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Tobacco tax rise comes after cigarette prices soar 343 per cent in 20 years

Smokers – asked to cough up yet again in the federal government’s latest budget – should take a deep breath before looking at the chart below.

It shows the price of tobacco has rocketed by 343 per cent since 1996, with the steepest rises since 2010.

On Tuesday the federal government announced it will increase the tobacco excise by 12.5 per cent a year for the next four years.

The plan will cause the price of a packet of 25 cigarettes to rise to about $40, up from $25 today.

Bitter though it may be for smokers, the hefty price rise is nothing new.

In the five years to March 2016, the price of tobacco rose by 64 per cent, compared with 51 per cent in the previous five years and 25 per cent in the five years before that.

The rising price of tobacco far outstrips the increases recorded by other consumer goods.

Cigarettes posted the largest price rise among more than 80 consumer items tracked by the Australian Bureau of Statistics’ consumer price index.

Tobacco prices rose 1.5 times faster than the cost of insurance (up 206 per cent) and nearly twice as fast as the cost of education (up 183 per cent), which posted the second- and third-largest price increases over the same period.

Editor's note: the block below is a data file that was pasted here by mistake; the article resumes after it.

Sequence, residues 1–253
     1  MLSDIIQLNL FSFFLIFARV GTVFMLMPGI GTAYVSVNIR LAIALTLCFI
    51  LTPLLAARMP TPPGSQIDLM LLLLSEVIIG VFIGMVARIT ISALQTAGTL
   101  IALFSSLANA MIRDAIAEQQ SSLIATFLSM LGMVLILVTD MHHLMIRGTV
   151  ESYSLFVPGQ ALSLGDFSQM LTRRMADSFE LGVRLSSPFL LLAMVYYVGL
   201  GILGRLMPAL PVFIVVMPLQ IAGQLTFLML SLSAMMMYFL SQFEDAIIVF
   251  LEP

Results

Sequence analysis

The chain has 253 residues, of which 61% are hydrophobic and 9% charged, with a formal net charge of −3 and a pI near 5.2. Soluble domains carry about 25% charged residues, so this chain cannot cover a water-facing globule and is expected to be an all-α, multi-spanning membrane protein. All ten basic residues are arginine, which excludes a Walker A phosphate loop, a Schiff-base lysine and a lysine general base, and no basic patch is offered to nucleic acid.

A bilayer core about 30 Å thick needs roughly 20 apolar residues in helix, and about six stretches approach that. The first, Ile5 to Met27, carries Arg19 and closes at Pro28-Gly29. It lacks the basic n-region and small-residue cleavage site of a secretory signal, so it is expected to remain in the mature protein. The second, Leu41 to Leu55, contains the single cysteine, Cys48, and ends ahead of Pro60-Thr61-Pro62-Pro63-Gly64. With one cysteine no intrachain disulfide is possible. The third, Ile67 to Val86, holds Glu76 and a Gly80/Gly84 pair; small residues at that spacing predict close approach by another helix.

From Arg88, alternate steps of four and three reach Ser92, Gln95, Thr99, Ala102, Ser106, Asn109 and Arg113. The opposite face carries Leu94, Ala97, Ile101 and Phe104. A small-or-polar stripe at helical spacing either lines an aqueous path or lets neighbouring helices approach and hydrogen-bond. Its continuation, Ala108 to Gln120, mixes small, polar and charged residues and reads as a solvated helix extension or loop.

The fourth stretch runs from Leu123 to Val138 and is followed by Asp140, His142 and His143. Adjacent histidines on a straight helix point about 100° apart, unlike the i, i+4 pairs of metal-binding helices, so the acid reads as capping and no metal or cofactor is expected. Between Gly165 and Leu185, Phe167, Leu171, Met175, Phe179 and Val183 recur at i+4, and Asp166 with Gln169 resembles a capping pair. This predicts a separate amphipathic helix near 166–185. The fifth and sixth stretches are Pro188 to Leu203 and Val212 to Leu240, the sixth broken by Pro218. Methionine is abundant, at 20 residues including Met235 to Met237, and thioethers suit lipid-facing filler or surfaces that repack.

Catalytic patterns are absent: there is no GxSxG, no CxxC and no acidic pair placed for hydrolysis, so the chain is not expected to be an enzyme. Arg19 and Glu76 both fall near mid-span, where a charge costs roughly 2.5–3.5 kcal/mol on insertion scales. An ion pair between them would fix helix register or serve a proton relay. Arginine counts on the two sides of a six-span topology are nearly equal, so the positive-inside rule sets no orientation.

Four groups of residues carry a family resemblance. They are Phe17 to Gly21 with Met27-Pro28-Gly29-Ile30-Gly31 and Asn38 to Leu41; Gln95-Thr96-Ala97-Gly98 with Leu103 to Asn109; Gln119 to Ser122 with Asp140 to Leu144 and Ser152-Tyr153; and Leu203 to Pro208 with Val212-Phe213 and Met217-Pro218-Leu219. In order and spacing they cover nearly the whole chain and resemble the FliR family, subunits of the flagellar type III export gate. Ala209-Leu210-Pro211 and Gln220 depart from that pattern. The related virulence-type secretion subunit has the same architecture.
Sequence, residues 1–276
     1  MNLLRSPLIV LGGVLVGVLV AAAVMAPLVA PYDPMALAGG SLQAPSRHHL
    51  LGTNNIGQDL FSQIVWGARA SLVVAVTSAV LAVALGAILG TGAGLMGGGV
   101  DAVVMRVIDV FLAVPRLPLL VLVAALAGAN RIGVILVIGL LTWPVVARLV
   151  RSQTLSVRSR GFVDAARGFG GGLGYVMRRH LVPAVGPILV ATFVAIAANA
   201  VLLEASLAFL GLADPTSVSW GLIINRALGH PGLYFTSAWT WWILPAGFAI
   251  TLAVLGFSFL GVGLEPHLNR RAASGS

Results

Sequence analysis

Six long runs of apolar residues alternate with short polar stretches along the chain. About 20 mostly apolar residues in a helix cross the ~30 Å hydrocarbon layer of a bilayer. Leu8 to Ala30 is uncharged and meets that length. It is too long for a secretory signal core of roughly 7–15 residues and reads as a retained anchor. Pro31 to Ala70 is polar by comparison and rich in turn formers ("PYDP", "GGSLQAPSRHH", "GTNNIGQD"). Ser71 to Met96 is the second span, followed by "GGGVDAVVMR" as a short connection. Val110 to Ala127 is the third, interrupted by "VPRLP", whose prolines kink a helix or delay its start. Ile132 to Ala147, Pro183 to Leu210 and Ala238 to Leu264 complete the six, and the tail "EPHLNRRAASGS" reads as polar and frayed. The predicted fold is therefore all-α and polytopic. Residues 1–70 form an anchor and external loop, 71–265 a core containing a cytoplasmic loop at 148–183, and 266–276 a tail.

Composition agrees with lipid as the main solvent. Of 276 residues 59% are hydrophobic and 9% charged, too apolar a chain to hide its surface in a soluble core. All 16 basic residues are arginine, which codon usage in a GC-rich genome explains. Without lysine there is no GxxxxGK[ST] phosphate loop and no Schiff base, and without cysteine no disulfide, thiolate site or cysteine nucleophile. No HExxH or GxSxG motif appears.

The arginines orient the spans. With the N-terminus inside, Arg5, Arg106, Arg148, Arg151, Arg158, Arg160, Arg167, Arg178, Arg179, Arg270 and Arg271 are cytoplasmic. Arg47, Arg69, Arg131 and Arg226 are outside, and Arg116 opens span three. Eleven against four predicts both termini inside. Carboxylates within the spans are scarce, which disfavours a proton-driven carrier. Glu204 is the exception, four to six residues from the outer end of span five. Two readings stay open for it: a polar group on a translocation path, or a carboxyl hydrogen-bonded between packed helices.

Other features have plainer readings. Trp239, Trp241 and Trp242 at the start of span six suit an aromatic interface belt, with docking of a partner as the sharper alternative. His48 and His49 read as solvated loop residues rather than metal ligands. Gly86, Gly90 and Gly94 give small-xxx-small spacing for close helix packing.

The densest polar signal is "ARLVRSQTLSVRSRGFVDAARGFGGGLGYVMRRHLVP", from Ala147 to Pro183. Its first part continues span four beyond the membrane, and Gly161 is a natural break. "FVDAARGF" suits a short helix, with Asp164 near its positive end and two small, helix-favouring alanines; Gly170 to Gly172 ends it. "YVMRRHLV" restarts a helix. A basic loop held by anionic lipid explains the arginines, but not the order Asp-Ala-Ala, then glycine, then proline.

By contrast, audio, visual and computing equipment such as television sets, cameras and laptops plunged by 91 per cent. The cost of a car dropped by 26 per cent.

Emeritus Professor Simon Chapman from the University of Sydney’s School of Public Health said tobacco control had been one of the great public health success stories of our time.

“Tobacco control is the poster child of chronic disease control,” he said.

“Tobacco tax is like a vaccine against lung cancer. Price is the single most important factor in determining demand.”

Dozens of internal documents from the tobacco industry showed manufacturers were well aware of this, Professor Chapman said.

“That’s why they protest about it so much.”

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